Legal Status and Usage of CBD in the United Kingdom
In the United Kingdom, the CBD legal framework is meticulous. Unlike THC and other controlled cannabinoids, CBD itself is not considered a controlled substance. This means CBD can be legally produced, sold, and possessed in the UK, provided it completely lacks all controlled cannabinoids, including THC and CBN (cannabinol).
Regulations mandate that approved nonprescription CBD products must be free from controlled cannabinoids, not just restricted to trace amounts. This ensures that consumers can enjoy the potential benefits of CBD without exposure to substances that could have psychoactive effects or present other regulatory concerns.
Adding to the regulations surrounding CBD in the UK is the classification of hemp-derived CBD products as 'Novel Foods' by the Food Standards Agency (FSA), including CBD oils. A novel food is defined as food or food ingredients that were not widely consumed in the EU before May 1997. The FSA confirmed the novel food status of CBD in January 2019.
Any company intending to sell CBD for ingestion or use in food and drink must have its products evaluated and authorised as safe under the Novel Foods Regulation. The deadline for companies to submit a valid novel food application was March 31, 2021, and only those products linked to a validated application are permitted to remain on the market. The FSA enforced this regulation to ensure all CBD-infused food products (including CBD oils) meet stringent food safety standards, protecting consumer health and interests.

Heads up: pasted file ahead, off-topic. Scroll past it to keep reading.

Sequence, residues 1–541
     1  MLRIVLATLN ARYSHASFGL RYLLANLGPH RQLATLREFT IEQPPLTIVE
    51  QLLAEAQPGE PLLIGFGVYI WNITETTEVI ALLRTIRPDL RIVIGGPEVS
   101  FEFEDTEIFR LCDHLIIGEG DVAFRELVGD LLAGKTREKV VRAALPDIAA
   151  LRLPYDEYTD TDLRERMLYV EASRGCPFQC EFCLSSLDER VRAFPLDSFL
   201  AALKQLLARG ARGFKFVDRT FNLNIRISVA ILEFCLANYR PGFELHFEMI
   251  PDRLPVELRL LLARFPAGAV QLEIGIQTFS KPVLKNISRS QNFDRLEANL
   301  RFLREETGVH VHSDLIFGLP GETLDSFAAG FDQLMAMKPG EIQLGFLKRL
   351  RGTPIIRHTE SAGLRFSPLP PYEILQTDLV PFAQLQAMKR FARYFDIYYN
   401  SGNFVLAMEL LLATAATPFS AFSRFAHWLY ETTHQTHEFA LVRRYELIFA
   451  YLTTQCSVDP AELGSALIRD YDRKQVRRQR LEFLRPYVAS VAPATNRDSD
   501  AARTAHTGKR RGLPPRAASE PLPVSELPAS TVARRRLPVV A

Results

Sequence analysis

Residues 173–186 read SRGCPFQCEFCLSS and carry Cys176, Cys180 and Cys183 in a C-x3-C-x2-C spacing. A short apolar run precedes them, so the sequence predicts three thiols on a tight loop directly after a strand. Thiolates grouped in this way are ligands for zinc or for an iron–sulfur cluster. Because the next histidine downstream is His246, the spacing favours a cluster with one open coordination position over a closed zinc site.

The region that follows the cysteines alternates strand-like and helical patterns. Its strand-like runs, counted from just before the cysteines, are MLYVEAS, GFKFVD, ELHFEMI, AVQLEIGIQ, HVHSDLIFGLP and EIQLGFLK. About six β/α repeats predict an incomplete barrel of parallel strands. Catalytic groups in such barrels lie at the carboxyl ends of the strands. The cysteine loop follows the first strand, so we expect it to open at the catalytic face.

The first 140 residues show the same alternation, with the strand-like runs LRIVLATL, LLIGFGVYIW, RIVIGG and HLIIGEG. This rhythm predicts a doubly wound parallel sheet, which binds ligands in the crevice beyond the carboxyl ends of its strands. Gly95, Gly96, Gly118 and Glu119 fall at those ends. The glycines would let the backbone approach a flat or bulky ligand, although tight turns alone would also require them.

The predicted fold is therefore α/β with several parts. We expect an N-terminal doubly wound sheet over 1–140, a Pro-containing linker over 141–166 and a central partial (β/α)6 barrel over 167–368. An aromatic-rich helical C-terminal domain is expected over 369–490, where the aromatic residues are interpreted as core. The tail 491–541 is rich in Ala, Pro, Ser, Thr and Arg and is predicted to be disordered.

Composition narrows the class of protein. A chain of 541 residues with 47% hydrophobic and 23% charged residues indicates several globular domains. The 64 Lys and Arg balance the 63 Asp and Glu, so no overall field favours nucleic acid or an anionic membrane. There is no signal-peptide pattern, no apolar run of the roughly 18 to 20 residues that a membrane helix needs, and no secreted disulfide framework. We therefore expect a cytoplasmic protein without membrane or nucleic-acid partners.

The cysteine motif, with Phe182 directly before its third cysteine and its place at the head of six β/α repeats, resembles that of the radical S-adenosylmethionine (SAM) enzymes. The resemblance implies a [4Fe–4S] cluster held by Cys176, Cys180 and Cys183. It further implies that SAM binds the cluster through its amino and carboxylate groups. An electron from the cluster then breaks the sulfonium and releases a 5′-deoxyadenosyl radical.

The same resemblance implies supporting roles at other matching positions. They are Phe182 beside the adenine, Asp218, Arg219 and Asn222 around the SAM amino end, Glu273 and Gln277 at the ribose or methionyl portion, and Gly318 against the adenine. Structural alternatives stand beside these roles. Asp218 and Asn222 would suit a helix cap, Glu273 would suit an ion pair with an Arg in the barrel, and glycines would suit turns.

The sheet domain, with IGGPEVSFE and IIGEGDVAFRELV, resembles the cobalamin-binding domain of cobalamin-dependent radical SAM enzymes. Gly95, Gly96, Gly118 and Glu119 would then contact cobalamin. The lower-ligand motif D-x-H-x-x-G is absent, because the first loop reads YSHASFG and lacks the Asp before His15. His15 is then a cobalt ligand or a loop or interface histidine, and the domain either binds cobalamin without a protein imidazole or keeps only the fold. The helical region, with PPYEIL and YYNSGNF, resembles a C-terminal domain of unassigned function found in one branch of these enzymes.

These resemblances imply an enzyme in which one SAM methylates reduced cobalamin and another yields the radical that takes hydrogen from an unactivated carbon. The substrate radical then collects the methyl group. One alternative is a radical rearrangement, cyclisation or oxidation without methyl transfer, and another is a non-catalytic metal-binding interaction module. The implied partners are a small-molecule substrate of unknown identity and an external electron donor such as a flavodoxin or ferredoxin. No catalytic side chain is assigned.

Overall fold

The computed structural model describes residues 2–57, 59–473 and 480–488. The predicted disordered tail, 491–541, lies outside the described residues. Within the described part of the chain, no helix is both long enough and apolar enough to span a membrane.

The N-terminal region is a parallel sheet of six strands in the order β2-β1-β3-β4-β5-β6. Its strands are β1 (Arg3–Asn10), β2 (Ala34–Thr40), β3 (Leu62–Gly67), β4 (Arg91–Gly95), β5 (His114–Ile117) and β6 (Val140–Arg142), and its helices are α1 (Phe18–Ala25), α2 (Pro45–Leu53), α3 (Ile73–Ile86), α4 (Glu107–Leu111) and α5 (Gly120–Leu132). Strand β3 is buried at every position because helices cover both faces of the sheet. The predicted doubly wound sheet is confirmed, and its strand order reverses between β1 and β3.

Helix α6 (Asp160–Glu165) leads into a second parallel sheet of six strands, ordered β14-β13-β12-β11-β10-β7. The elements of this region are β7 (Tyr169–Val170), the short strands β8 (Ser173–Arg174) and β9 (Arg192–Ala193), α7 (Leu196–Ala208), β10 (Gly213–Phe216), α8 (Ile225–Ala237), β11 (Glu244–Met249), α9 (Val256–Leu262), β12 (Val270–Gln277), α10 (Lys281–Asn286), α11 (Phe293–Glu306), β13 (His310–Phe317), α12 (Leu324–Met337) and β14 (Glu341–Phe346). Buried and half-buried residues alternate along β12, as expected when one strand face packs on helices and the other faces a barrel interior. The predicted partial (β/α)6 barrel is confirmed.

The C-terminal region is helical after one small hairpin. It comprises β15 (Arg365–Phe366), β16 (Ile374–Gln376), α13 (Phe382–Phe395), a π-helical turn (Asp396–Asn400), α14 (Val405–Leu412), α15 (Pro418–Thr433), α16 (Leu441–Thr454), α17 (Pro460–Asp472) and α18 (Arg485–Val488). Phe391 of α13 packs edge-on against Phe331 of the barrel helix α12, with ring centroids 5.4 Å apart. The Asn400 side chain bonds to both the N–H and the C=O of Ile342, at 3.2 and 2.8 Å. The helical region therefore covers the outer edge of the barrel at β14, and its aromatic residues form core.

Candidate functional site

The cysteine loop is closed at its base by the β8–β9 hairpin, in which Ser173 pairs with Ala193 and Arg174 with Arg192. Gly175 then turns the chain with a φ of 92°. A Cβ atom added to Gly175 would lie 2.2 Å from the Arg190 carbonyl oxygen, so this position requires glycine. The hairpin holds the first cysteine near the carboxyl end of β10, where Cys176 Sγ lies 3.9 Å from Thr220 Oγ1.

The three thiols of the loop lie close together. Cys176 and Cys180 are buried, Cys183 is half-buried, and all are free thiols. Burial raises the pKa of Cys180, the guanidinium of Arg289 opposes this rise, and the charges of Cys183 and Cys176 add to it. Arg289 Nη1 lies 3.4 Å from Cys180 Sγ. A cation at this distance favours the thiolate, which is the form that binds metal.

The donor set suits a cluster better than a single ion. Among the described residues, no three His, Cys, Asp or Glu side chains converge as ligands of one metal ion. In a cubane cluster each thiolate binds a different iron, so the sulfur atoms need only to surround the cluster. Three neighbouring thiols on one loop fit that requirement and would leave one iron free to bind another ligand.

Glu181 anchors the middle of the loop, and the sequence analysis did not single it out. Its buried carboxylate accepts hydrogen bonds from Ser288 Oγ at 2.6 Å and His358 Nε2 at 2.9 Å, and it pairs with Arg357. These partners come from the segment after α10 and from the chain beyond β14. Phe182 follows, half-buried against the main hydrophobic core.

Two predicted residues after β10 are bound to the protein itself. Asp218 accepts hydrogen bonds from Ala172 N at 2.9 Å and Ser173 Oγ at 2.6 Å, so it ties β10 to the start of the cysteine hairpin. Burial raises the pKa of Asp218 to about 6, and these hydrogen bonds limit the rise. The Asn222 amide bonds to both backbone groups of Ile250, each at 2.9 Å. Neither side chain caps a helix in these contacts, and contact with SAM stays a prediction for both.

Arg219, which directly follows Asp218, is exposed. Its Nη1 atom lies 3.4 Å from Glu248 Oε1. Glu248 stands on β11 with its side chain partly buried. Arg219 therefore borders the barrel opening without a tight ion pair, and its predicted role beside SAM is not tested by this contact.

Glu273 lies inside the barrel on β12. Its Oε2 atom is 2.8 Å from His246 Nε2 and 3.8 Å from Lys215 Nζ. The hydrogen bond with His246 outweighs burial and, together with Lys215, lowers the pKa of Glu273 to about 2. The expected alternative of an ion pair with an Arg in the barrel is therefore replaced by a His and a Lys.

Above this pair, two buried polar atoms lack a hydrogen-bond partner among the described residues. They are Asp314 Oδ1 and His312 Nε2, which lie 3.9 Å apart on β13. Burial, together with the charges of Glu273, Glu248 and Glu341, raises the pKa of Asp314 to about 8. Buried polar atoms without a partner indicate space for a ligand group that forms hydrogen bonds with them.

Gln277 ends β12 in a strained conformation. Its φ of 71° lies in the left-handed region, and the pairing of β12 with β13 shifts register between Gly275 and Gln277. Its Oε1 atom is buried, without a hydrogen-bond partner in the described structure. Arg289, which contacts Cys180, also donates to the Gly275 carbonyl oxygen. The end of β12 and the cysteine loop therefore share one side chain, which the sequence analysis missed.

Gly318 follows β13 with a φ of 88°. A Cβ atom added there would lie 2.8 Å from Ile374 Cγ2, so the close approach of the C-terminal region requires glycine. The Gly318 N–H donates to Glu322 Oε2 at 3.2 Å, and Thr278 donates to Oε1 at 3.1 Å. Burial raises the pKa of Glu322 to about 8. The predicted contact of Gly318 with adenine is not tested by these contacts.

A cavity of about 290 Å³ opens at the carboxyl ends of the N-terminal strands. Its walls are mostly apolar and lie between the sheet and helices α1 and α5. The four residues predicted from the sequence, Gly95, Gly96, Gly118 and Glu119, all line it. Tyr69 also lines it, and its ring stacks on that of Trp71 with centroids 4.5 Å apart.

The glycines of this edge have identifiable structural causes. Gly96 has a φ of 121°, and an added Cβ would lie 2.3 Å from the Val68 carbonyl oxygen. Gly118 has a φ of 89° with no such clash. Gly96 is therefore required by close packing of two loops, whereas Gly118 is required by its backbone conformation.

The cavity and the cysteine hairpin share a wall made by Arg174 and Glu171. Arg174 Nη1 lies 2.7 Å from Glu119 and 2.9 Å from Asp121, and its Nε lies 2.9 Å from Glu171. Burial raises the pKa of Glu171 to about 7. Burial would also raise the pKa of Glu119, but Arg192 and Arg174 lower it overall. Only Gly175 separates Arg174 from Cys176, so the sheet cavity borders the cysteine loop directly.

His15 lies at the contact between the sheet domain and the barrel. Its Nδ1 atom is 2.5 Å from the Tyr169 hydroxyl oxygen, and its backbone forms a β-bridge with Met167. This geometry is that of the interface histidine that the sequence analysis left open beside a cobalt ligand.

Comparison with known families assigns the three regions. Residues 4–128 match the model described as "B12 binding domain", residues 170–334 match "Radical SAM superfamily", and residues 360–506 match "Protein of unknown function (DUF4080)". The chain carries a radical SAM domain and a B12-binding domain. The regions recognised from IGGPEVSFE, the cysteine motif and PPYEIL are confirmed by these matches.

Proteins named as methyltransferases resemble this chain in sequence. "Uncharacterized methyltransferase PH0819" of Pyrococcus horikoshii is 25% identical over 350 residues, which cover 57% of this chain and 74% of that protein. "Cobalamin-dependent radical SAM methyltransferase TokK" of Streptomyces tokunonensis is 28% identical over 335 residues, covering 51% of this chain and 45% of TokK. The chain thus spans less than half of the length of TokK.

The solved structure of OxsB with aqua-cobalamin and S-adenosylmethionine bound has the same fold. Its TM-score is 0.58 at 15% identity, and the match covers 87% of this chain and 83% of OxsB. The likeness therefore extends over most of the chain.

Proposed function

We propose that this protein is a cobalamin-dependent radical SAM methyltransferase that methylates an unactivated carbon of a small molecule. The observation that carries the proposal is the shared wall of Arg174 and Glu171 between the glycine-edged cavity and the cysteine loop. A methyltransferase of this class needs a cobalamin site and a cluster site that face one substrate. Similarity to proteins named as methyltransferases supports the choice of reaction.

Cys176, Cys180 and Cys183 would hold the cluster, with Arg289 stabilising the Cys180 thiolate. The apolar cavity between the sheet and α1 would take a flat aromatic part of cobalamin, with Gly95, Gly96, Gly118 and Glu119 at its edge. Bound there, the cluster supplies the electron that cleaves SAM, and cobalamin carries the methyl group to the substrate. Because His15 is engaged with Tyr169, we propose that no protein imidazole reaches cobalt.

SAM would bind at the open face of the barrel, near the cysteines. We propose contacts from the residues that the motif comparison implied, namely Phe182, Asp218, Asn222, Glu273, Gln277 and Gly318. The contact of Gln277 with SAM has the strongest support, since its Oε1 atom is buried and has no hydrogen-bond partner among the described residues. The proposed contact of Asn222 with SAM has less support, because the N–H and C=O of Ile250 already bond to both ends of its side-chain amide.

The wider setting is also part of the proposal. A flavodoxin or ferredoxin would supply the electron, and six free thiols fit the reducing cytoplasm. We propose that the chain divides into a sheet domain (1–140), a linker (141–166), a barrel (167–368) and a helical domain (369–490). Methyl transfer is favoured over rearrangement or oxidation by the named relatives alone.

Legal Status and Usage of THC in the United Kingdom
In the United Kingdom, THC (tetrahydrocannabinol) is listed as a Class B controlled substance under the Misuse of Drugs Act 1971. This classification places strict limitations on activities related to THC, including possession, distribution, and cultivation. Regardless of the type of cannabis from which it's derived - marijuana or hemp - any cannabis plant or CBD product containing any quantity of THC falls under these restrictions.
There are, however, specific exceptions to these stringent laws for certain medical situations. Following a revision to the law in November 2018, cannabis-derived medicinal products, potentially containing THC, can be prescribed by specialist doctors under very specific and controlled circumstances.
CBD vs THC Feeling
In this section, we will explore the differences between CBD and THC in terms of their psychoactive effects, physical sensations, and cognitive impact. By understanding these distinctions, we can better comprehend how each compound interacts with our bodies and affects our overall well-being.
Psychoactive Effects: Distinguishing Between THC and CBD
THC, the most abundant compound in cannabis, is renowned for its potent psychoactive properties, giving users the characteristic "high" commonly associated with cannabis consumption. As one regular cannabis user described, "When I use products high in THC, I feel a sense of euphoria and a heightened sensory awareness. The world seems brighter and more interesting."
THC's psychoactive effects stem from its ability to bind directly to the CB1 receptors in the brain, influencing functions such as pain perception, mood, and sleep, among others. The result can be feelings of relaxation, heightened mood, and altered perceptions.
CBD, on the other hand, impacts the mind quite differently. While CBD does influence brain function, it does not produce an intoxicating or disorienting effect. CBD does not bind directly to CB1 or CB2 receptors like THC. Instead, it modifies the ability of these receptors to bind to cannabinoids, including THC. Therefore, CBD can often moderate the effects of THC. Users often report a more subtle, calming experience with CBD. As one user said, "When I take CBD, I don't feel 'high'. Instead, I feel relaxed, calm, and focused."